The Trial of God (as it was held on February 25, 1649, in Shamgorod)
A Play by Elie Wiesel
Translated by Marion Wiesel
Introduction by Robert McAfee Brown
Afterword by Matthew Fox
Where is God when innocent human beings suffer? This drama lays bare the most vexing questions confronting the moral imagination.
Set in a Ukranian village in the year 1649, this haunting play takes place in the aftermath of a pogrom. Only two Jews, Berish the innkeeper and his daughter Hannah, have survived the brutal Cossack raids. When three itinerant actors arrive in town to perform a Purim play, Berish demands that they stage a mock trial of God instead, indicting Him for His silence in the face of evil. Berish, a latter-day Job, is ready to take on the role of prosecutor. But who will defend God? A mysterious stranger named Sam, who seems oddly familiar to everyone present, shows up just in time to volunteer.
The idea for this play came from an event that Elie Wiesel witnessed as a boy in Auschwitz: "Three rabbisall erudite and pious mendecided one evening to indict God for allowing His children to be massacred. I remember: I was there, and I felt like crying. But there nobody cried."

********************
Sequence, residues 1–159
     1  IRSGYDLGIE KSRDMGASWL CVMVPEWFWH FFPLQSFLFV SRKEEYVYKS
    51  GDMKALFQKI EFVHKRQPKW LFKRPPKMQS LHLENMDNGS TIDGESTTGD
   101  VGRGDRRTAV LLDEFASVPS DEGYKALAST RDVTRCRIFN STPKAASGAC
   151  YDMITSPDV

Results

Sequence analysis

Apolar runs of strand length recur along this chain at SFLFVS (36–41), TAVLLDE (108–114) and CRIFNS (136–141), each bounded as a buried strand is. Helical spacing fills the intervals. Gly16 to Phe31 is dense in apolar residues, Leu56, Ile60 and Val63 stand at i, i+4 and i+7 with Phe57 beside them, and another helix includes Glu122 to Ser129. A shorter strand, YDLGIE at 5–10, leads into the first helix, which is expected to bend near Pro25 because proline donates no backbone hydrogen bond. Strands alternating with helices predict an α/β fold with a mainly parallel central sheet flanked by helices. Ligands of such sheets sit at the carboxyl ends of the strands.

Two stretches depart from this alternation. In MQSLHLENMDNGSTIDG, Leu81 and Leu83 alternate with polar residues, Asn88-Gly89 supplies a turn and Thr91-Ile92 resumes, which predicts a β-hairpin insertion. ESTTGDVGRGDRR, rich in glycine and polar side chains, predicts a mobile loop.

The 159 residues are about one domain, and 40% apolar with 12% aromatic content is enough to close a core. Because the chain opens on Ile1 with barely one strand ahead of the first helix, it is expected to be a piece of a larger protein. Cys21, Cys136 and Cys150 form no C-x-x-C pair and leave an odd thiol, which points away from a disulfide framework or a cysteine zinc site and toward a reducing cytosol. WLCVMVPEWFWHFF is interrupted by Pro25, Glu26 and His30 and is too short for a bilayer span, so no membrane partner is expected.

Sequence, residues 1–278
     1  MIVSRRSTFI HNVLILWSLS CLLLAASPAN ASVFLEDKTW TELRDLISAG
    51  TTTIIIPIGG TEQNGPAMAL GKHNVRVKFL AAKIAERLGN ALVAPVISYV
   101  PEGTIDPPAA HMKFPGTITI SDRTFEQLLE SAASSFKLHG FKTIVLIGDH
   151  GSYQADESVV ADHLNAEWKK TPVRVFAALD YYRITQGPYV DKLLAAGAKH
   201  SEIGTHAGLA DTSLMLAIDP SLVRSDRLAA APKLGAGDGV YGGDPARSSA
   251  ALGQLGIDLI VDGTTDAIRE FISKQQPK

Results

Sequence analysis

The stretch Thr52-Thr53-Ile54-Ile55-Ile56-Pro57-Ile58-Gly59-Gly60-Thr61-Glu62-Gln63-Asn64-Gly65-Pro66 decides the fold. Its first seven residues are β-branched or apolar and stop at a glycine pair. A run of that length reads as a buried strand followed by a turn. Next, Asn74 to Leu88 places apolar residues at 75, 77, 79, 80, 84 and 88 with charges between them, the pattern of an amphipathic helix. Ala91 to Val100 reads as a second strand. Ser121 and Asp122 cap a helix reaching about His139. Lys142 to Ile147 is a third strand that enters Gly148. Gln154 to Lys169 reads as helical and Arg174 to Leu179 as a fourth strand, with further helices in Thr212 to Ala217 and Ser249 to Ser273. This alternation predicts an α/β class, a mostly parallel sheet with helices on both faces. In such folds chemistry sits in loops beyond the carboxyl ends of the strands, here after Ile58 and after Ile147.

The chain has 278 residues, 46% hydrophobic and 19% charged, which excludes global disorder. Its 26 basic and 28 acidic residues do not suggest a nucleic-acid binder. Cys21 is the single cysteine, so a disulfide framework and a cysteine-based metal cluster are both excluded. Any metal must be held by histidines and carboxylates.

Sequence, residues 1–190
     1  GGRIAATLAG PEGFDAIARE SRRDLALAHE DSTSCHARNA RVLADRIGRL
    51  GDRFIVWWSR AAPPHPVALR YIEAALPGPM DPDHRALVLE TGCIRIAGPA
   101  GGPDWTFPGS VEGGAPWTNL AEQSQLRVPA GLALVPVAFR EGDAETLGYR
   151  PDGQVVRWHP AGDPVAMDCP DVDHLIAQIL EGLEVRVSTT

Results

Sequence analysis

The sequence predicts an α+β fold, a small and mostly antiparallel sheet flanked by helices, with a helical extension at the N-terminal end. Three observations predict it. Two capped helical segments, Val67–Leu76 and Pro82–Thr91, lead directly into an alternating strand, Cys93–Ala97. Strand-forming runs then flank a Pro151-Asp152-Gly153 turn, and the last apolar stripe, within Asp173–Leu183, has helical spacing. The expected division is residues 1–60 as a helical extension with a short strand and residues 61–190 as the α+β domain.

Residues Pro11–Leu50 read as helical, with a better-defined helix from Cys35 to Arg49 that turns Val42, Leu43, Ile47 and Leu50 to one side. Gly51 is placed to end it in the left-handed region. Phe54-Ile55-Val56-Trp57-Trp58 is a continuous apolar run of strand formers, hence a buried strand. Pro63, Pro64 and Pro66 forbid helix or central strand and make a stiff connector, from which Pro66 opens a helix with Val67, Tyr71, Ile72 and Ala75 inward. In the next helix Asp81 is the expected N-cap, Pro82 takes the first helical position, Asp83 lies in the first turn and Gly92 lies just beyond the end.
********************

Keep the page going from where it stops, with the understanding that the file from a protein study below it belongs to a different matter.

Inspired and challenged by this play, Christian theologians Robert McAfee Brown and Matthew Fox, in a new Introduction and Afterword, join Elie Wiesel in the search for faith in a world where God is silent.
From the Trade Paperback edition.
ELIE WIESEL is the author of more than fifty books, both fiction and nonfiction. He is a recipient of the United States Congressional Gold Medal, the Presidential Medal of Freedom, the French Legion of Honors Grand-Croix, an honorary knighthood of the British Empire and, in 1986, the Nobel Peace Prize. Since 1976, he has been the Andrew W. Mellon Professor in the Humanities at Boston University.
"From the abyss of the death camps he has come as a messenger to mankindnot with a message of hate and revenge, but with one of brotherhood and atonement."
From the Citation for the 1986 Nobel Peace Prize
"Wiesel uses words to craft literary monuments, works that stand as acts of remembrance and as meditations on the nature of remembrance itself."
San Francisco Chronicle
"Unquestionably, Wiesel is one of the most admirable, indeed indispensable, human beings now writing."
"Not since Albert Camus has there been such an eloquent spokesman for man."
The New York Review of Books
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